Despite how you might feel in the dregs of 2020, most of what we think of as “real life” takes place outside of election cycles. This week, TargetSmart CEO Tom Bonier breaks down the basics of voter data analytics. Next, Raven Bradfield discusses her experiences organizing for Democratic campaigns in Iowa and Georgia, and what campaigns lose when they assemble staffs that don’t resemble their constituents. PeachPod’s Luke Boggs explains how peer-to-peer contact makes a difference when getting college students out to vote. Finally, Georgia Shift founder Ian Bridgeforth continues our conversation on transactional versus transformational activism, and the challenges of engaging young Georgians outside the Atlanta metro area.
- Georgia Shift: http://georgiashift.com/
- Athens Progressive Canvassing Corps: http://clarkedemocrats.com/about/athens-progressive-canvassing-corps/
- Georgia Secretary of State’s My Voter Page: http://www.mvp.sos.ga.gov/
- Fair Fight: https://fairfight.com/
- SONG Power: https://unleashpower.org/
- Mercedes-Benz Stadium: https://mercedesbenzstadium.com/
- State Farm Arena: https://www.statefarmarena.com/
Follow us @groundgamepod on Twitter and Instagram, and visit us on the web at www.groundgamepod.com.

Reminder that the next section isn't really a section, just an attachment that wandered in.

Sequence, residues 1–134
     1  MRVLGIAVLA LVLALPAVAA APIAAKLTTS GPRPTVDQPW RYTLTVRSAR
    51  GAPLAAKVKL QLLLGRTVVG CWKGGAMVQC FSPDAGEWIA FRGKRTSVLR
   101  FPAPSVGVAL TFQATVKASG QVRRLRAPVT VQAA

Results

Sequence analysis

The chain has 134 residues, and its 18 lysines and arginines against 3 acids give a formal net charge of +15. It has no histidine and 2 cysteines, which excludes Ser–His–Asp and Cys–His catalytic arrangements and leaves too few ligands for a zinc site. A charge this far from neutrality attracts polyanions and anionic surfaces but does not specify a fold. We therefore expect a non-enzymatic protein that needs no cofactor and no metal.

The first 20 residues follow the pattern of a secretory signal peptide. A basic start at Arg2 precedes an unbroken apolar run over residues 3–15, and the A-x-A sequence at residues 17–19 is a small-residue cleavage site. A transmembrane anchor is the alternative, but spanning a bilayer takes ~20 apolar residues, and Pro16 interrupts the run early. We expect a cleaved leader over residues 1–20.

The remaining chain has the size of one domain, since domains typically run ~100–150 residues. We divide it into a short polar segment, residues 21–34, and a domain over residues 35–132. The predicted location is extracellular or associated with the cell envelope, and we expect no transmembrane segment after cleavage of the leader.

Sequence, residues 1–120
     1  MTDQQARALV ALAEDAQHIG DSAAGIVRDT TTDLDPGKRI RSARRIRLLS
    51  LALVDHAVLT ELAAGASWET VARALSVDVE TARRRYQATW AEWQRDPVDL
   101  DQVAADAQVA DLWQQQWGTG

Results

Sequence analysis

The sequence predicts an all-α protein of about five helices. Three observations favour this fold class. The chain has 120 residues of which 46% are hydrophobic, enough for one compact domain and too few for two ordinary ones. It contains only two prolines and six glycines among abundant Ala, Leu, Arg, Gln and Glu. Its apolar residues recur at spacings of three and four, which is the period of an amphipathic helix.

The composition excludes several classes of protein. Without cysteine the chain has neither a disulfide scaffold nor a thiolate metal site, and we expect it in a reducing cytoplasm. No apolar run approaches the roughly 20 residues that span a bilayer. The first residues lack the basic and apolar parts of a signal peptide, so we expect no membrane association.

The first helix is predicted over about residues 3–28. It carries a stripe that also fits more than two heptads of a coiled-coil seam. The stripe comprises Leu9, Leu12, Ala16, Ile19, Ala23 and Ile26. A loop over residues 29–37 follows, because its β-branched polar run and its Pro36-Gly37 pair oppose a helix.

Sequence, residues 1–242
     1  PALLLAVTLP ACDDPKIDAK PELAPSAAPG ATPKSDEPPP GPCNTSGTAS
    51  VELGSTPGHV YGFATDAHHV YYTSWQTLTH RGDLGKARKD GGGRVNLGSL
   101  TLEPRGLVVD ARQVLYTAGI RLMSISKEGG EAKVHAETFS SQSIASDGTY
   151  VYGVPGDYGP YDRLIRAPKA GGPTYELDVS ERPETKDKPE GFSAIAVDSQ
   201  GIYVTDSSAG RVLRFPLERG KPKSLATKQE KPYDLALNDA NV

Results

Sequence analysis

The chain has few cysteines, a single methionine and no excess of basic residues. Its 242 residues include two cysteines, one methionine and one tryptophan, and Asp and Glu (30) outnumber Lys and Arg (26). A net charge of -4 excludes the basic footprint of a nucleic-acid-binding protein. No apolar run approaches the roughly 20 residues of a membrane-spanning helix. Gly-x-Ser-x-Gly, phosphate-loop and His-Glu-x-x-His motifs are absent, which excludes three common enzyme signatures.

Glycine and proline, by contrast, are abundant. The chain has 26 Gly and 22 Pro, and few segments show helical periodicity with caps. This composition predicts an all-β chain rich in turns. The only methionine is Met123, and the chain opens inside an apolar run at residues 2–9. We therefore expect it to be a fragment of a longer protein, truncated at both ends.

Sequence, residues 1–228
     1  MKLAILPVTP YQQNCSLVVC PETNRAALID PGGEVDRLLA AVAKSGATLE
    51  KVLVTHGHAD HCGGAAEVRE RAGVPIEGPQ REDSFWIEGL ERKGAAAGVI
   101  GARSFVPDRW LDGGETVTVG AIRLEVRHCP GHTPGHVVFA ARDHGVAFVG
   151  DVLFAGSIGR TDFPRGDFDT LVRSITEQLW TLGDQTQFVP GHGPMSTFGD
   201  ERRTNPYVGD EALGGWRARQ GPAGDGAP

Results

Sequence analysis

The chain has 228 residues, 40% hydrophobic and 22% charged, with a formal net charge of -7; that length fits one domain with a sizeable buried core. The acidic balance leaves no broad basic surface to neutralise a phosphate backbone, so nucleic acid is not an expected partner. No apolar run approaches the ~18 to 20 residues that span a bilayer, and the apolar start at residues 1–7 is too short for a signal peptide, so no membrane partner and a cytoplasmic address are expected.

Ground Game: Georgia is a production of Unir.
EPISODE 2: FIND THE OTHERS – TRANSCRIPT
MARCUS ELLSWORTH, HOST: Coming off of his spectacular no-show performance in the debate against John Ossoff, we have Senator David Alfred Purdue Jr. with this message for Georgia voters…
(The sound of crickets.)
HOLLY ANDERSON, HOST: Are we having technical difficulties?
MARCUS: Actually, we didn’t have the $7,500 the senator requires in order to speak with anyone.
HOLLY: Showing up for Georgia voters as he always does.
MARCUS: Which is not at all.
REVEREND WARNOCK: “It’s dark right now, but morning is on the way. It’s our job, Georgia, to put our shoes off and get ready.”
ANJALI ENJETI: “We’ve had minority voters here in Georgia understand that every year is an election year.”
JON OSSOFF: “It’s the most important message of the evening. Make a plan to vote with early voting beginning December 14th so we can secure equal justice for all.”
STACEY ABRAMS: “Together, we’ve made Georgia move further and we’ve gotten more done. So if we keep working at it together, we’ll get it done.”
MARCUS: Welcome to Ground Game: Georgia.
HOLLY: I’m Holly Anderson in Atlanta.
MARCUS: And I’m Marcus Ellsworth just across the border in Chattanooga, Tennessee. Every week in December and January, we are bringing you stories from the folks on the ground in Georgia during the runoff election.
HOLLY: This week, we are joined by three young activists who have worked to organize voters in Georgia on different fronts. Raven Bradfield and Luke Boggs have both worked from within the Democratic Party structure in a variety of roles.
MARCUS: Ian Bridgeforth founded his own organization, Georgia Shift, that created a “Party at the Polls”.